Based on the classic DC Comic by Dave Gibbons and Alan Moore, “Watchmen” was developed for HBO by Damon Lindelof, who also served as lead writer, while giving directing duties to a whole bunch of other people. And the craft on display here is absolutely superb, creating a world that is familiar (thanks to it technically still being earth), and yet a bit alien, thanks to its awesomely off-kilter tone. The directing is energetic, but also suspenseful, fun, and engaging. The cinematography too is stunning, giving us some great lighting and framing. And with all this said, episode 6… some of the best craft in a tv episode this year, from the shots, to the editing, to the directing… it’s fucking spectacular.

This show has been well received. On Rotten Tomatoes it has a 96% positive rating and a “Fresh” certification. On Metacritic it has a score of 85/100. And on imdb.com it has a score of 7,8/10.

“Watchmen” is one of the best new shows of 2019. It has a great plot, great characters, fantastic performances, great music, and great writing, directing, cinematography, and editing. Time for my final score. *Ahem*. My final score for “Watchmen” is a 9,90/10. Which means that it gets the “SEAL OF APPROVAL!”.

My review of “Watchmen” season 1 is now completed.

I know I called this season 1, but I sincerely hope there are no more seasons. This is a perfectly contained package.

Movie Review: Gone Girl (2014)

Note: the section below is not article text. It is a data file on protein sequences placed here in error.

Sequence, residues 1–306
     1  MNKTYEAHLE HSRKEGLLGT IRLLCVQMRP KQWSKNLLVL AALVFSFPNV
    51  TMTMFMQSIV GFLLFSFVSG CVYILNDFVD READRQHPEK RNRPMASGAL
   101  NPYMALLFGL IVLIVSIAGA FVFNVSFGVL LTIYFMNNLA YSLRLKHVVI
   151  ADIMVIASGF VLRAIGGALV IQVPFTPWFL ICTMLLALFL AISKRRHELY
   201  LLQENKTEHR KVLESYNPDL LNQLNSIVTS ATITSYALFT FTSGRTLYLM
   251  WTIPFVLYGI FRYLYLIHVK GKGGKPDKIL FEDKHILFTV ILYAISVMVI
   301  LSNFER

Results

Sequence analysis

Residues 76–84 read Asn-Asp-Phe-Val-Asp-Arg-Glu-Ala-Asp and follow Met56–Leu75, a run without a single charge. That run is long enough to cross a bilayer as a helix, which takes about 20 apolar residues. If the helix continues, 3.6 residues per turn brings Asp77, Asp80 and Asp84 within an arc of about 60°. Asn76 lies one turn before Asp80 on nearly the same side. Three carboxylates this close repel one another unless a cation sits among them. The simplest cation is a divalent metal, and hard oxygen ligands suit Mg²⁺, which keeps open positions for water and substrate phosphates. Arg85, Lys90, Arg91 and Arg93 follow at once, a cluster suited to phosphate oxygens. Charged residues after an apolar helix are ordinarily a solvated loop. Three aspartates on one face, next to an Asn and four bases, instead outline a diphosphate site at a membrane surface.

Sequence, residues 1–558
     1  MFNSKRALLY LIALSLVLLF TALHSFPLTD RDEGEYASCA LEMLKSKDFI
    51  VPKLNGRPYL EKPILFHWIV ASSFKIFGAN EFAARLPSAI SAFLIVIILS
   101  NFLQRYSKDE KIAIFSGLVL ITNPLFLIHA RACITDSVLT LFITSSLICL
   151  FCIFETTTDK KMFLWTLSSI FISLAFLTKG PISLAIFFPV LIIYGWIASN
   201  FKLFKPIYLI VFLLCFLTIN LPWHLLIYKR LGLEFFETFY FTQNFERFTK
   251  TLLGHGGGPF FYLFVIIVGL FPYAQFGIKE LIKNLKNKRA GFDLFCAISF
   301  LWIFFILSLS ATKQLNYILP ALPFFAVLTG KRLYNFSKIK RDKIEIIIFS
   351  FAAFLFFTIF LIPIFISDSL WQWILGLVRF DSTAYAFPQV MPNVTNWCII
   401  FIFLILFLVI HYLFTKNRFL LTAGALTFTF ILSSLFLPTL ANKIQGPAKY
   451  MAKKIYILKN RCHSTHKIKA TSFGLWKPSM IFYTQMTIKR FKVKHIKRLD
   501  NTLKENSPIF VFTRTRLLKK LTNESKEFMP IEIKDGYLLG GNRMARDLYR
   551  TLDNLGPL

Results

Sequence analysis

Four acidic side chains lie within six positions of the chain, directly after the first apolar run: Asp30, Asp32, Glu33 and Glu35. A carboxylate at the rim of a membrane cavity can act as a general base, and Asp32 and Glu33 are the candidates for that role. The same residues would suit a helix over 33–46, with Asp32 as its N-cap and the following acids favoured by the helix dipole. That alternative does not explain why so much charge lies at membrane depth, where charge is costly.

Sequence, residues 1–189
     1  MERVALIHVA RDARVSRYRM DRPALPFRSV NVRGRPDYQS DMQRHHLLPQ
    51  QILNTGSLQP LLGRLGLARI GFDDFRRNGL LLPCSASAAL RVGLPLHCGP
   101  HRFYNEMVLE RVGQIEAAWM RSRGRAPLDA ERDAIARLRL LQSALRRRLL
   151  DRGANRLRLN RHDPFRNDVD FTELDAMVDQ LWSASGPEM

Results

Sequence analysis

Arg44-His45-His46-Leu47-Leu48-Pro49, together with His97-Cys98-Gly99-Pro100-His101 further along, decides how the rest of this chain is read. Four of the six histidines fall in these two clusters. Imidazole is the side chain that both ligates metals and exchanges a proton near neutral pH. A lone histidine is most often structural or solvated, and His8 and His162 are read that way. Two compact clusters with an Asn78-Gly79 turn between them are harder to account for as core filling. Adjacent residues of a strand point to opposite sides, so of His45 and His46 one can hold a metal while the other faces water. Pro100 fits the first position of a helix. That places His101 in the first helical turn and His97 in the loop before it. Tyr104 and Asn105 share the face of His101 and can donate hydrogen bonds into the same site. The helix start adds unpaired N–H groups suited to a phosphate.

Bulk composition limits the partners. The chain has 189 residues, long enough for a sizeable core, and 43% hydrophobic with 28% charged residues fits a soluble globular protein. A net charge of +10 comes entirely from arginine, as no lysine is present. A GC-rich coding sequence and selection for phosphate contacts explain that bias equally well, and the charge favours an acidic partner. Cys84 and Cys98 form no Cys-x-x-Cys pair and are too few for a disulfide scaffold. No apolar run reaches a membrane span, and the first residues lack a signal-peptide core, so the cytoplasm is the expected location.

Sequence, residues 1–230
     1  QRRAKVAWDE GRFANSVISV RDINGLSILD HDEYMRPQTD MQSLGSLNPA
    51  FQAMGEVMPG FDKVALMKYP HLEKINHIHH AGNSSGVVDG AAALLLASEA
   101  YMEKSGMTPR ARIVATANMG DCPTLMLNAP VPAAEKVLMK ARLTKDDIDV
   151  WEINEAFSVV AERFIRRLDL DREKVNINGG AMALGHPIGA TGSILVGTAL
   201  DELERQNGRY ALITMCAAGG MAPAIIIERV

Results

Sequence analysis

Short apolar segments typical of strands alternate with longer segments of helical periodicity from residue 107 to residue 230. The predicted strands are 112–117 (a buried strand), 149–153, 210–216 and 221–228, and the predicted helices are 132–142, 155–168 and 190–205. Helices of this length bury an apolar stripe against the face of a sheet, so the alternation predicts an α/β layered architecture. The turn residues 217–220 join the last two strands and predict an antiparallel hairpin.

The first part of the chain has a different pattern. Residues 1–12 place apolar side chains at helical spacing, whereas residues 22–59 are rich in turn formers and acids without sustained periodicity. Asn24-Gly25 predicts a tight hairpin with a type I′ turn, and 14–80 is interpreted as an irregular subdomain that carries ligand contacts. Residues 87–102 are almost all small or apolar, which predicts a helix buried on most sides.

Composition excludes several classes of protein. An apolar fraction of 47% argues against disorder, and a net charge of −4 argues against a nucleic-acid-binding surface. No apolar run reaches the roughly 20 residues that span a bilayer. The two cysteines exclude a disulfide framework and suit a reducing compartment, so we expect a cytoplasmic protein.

Gone-Girl-Desktop-Background-Wallpaper

When a new crime-drama/thriller comes out I get pretty curious immediately. They attract me like a bloody venison attracts a wolf, especially if the movie looks somewhat good. Sure, there is a lot of shit out there among the crime-drama/thrillers, but I can usually escape that in one way or another. Now then I heard about this little movie one day in late summer 2014. So when I heard about it I looked it up I noticed something pretty cool… it was directed by David Fincher. If you didn’t already know, David Fincher is my favorite director. Hell, he made my favorite movie of all time, “Fight Club”. So of course the excitement started building inside of me. Unfortunately I missed it when it came out in October, but now I finally got a chance to see it. So what did I think of it? Does it hold up to previous works of Fincher? Or is it awful? Let’s take a look!

Boys and girls… “Gone Girl”.